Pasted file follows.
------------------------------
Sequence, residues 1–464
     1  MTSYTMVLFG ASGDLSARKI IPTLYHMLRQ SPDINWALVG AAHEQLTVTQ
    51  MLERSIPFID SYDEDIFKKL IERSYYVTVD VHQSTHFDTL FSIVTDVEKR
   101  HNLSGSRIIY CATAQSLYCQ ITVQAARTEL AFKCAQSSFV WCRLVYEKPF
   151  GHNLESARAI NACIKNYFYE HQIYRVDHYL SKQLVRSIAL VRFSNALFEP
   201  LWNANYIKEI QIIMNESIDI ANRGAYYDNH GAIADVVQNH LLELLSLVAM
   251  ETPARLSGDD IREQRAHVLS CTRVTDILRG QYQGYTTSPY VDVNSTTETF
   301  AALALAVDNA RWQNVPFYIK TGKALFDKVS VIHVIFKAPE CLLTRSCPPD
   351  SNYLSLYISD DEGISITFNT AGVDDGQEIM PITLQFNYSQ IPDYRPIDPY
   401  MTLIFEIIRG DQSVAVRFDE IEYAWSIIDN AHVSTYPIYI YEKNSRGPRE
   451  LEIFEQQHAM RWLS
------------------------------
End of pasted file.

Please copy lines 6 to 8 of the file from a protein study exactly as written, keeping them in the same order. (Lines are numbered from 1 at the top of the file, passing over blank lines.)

   201  LWNANYIKEI QIIMNESIDI ANRGAYYDNH GAIADVVQNH LLELLSLVAM
   251  ETPARLSGDD IREQRAHVLS CTRVTDILRG QYQGYTTSPY VDVNSTTETF
   301  AALALAVDNA RWQNVPFYIK TGKALFDKVS VIHVIFKAPE CLLTRSCPPD